There is no reason to think that Kennedy has fundamentally changed the position he espoused in Casey. And notwithstanding the addition to the Court of Chief Justice John Roberts and Justice Samuel Alito, both of whom are likely to join Justices Antonin Scalia and Clarence Thomas in calling for Roe to be overturned, four other justices remain on the bench to Kennedy's left. The South Dakota plan would go nowhere with a Kennedy Court, the same fate it would have faced with an O'Connor court.
What of other attempts to impede access to abortion? Several states have augmented informed-consent requirements with mandated in-person counseling instead of phone counseling. Other states have gone further, insisting that the treating physician, rather than a nurse or physicians assistant, convey state-mandated information pertaining to abortion. These policies are enacted to encumber abortion. When coupled with a 24-hour waiting period and the fact that fewer and fewer physicians are willing to deal with the intimidation that comes with performing abortions, that is precisely how these mandates function.
Efforts are under way to make informed-consent provisions even more onerous. In the Georgia Senate, for example, a bill mandating that all women seeking an abortion be offered the opportunity to view an ultrasound or sonogram of the fetus has made its way out of committee. To date, no such laws have taken effect. But Michigan recently enacted a provision requiring a doctor who has taken an ultrasound of the fetus to offer the woman the option of viewing that image, and passage of more restrictive ultrasound requirements is all but inevitable.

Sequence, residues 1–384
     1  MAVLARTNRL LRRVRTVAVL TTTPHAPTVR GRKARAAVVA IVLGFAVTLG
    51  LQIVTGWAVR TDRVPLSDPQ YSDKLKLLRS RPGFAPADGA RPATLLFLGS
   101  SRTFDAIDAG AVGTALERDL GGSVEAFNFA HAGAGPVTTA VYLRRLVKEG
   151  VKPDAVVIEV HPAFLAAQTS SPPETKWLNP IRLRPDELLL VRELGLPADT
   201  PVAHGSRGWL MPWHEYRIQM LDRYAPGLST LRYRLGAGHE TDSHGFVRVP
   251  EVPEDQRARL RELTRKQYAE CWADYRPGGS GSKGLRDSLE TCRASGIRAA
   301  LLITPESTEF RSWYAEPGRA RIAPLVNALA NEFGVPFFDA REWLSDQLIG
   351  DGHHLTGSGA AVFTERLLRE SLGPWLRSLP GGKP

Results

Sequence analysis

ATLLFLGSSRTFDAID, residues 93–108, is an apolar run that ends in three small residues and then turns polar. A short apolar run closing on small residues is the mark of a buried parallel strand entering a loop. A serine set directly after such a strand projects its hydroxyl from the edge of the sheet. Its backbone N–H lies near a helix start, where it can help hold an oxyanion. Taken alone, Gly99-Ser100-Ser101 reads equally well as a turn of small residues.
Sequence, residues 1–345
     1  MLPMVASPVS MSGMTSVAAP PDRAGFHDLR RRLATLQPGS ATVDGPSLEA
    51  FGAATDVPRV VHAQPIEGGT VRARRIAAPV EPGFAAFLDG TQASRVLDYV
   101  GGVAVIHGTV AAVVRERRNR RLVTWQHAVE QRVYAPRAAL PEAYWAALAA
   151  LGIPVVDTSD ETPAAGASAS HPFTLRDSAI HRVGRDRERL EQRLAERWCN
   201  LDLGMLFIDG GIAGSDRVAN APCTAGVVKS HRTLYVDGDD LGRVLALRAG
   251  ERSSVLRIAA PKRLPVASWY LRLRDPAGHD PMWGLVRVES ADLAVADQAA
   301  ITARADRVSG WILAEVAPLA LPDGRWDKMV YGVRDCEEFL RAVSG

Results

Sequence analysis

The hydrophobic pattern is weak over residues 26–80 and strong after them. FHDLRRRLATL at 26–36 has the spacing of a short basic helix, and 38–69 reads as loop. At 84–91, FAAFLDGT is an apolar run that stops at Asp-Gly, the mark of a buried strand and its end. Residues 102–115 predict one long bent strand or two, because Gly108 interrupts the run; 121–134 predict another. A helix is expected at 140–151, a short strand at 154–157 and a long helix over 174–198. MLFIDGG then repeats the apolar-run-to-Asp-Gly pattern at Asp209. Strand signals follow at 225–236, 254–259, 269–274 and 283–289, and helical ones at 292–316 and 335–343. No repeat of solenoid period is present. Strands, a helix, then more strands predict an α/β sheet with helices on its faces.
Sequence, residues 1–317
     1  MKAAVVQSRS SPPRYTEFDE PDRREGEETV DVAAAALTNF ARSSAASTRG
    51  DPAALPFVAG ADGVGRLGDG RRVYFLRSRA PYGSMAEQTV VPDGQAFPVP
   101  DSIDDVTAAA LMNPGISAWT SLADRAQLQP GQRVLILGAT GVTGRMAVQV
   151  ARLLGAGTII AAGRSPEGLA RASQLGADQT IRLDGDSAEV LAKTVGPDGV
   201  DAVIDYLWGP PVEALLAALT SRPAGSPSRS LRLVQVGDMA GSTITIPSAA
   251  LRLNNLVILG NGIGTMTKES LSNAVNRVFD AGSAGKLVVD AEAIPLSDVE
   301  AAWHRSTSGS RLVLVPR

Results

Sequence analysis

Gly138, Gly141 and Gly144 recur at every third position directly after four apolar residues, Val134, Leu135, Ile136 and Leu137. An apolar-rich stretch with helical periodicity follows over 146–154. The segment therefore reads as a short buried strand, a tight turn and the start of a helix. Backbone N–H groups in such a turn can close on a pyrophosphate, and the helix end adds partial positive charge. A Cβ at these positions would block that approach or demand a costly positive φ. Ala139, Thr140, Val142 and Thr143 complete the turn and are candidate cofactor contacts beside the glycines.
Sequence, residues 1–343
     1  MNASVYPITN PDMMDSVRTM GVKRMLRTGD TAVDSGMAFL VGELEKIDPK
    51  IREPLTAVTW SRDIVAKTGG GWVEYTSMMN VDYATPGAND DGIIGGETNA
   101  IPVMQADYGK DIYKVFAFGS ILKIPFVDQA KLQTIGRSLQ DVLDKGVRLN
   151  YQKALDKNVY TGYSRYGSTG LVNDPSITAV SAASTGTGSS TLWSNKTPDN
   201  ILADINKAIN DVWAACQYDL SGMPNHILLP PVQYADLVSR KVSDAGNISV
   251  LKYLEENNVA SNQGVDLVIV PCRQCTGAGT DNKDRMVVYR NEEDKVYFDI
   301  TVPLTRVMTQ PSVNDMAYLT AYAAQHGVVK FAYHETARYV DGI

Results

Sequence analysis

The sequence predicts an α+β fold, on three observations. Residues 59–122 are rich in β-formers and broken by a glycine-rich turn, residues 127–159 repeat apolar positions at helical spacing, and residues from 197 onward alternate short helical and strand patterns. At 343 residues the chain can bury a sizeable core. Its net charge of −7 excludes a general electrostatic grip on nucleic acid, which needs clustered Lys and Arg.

However manipulative, conniving, or devious it may be for a state to make a woman go face to fetus before having an abortion, the jurisprudence established in Casey pretty clearly allows it. Casey endorsed the state's profound interest in protecting the potential life of the unborn and the state's authority to persuade women to forgo abortion. An ultrasound requirement is merely a logical extension of informed consent. This may be nonsense, but it's nonsense that Kennedy, like O'Connor, would accept. Ditto for in-person and physician counseling.
There is one salient point of divergence between O'Connor and Kennedy. In the realm of so-called partial-birth abortion, the Casey trio parted company, with Kennedy signaling a more indulgent approach to state-imposed abortion restrictions.
In June 2000, the Court handed down a decision in Stenberg v. Carhart overturning Nebraska legislation that criminalized the use of a certain abortion procedure involving the partial delivery of a fetus outside a woman's uterus and into her vagina. Termed partial-birth abortion by rhetoricians on the right, the procedure was banned by Nebraska except in cases where necessary to save the woman's life. The ban did not, however, provide an exception in cases where physicians judged the procedure necessary to protect a woman's health, an exception that, conservatives argue, devolves into abortion on demand when protection of mental health is sanctioned.